Cells that are exposed to varying amounts of ultrasonic energy in the presence of ultrasound contrast agent (UCA) may undergo either permanent cell membrane damage (lethal sonoporation), or a transient enhancement of membrane permeability (reversible or non lethal sonoporation). The merits of each mode are clear; lethal sonoporation constitutes a significant tumour therapy weapon, whilst its less intrusive counterpart, reversible sonoporation, represents an effective non-invasive targeted drug delivery technique. Our working hypothesis for understanding this problem was that the root cause and effect in sonoporation involves the interaction of individual cells with single microbubbles, and to that end we devised an experiment that facilitates video rate observation of this specific scenario under well defined optical control. Specifically, we have constructed an innovative hybridization apparatus involving holographic optical trapping of single and multiple UCA microbubbles, together with the facility to irradiate with MHz pulsed ultrasound energy in the presence cancerous cells. This approach allows the isolation of a target microbubble from a resident population and the relocation to a [controllable] predetermined position relative to a cell within a monolayer. Frame extraction from standard framing rate video microscopy demonstrates the individuality of single microbubble-cell interactions. We describe a fluorescence microscopy protocol that will allow future study of the potential to deliver molecular species to cells, the dependence of the delivery on the initial microbubble-cell distance and to determine the targeted cell survival.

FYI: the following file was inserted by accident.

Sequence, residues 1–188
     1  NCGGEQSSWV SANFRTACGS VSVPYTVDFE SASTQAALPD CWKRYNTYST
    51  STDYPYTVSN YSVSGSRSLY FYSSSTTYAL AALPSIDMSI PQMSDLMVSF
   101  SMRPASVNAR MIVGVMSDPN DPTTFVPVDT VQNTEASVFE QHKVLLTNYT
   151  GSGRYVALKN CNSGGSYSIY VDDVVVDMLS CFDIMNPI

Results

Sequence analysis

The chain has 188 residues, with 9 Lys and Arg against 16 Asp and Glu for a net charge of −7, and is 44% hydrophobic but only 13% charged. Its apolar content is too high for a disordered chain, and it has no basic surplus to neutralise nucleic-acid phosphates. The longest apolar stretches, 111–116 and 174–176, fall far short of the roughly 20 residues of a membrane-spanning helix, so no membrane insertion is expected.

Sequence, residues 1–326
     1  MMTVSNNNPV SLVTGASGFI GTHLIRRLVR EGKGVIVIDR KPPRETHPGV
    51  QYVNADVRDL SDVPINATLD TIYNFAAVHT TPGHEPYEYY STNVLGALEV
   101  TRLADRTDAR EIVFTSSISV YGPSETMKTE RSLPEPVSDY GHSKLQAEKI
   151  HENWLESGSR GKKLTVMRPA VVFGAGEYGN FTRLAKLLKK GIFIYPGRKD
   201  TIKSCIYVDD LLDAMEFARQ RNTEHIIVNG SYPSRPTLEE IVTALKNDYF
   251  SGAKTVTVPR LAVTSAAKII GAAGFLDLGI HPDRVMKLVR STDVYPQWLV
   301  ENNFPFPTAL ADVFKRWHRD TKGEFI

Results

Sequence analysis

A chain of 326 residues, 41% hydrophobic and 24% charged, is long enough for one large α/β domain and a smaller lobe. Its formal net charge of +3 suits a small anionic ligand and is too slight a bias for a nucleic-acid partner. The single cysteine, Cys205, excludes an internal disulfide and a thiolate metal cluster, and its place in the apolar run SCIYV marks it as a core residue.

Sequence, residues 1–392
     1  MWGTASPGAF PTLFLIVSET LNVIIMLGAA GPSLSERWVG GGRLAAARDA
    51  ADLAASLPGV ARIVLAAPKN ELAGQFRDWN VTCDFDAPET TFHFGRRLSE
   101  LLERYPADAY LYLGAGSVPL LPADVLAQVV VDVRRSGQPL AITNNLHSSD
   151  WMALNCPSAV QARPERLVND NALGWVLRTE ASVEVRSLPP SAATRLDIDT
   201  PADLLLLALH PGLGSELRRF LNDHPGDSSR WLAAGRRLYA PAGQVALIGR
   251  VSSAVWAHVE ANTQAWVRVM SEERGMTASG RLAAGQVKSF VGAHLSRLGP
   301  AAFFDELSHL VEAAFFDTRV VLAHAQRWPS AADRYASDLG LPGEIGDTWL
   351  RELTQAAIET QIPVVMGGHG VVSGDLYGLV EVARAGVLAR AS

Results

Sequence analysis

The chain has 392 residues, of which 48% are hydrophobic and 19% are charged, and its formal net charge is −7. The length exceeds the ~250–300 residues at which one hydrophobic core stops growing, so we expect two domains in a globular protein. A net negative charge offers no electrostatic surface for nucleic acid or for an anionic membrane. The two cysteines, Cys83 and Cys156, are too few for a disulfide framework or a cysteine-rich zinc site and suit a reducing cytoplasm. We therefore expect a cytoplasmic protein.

|Number of pages||8|
|Journal||Proceedings of SPIE - The International Society for Optical Engineering|
|Publication status||Published - 26 Aug 2005|
|Event||Optical Trapping and Optical Micromanipulation II - San Diego, CA, United States|
Duration: 31 Jul 2005 → 4 Aug 2005
- Optical trapping
- Trap arrays